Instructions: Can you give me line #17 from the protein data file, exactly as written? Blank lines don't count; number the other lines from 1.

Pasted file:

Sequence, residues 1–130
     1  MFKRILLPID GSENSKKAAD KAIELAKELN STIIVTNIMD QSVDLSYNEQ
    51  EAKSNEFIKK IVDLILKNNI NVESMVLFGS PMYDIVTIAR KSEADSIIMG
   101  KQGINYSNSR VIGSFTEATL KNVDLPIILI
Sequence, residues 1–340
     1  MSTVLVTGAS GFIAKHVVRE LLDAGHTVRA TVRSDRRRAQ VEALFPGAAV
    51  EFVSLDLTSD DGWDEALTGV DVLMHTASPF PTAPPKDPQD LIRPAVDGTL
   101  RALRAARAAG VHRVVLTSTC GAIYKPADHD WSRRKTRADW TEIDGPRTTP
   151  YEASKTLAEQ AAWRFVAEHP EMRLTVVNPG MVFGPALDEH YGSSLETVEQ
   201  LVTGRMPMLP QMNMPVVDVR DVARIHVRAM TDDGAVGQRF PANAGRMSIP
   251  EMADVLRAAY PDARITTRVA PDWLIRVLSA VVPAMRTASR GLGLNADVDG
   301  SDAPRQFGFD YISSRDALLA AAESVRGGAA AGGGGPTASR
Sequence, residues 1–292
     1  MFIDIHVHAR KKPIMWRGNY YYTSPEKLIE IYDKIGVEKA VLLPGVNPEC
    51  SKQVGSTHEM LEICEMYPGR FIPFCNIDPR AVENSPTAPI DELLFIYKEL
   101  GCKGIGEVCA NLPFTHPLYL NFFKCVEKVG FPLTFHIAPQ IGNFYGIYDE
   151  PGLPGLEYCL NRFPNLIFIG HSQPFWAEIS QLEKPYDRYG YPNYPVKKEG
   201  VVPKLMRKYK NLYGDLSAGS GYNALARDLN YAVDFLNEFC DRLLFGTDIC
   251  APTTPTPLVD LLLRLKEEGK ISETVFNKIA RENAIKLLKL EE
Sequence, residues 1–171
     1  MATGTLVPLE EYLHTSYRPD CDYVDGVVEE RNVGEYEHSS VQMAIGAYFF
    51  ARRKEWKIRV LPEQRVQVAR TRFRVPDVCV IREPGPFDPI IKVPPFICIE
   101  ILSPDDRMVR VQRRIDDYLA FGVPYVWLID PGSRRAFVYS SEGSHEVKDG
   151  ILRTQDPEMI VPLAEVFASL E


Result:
   151  PGLPGLEYCL NRFPNLIFIG HSQPFWAEIS QLEKPYDRYG YPNYPVKKEG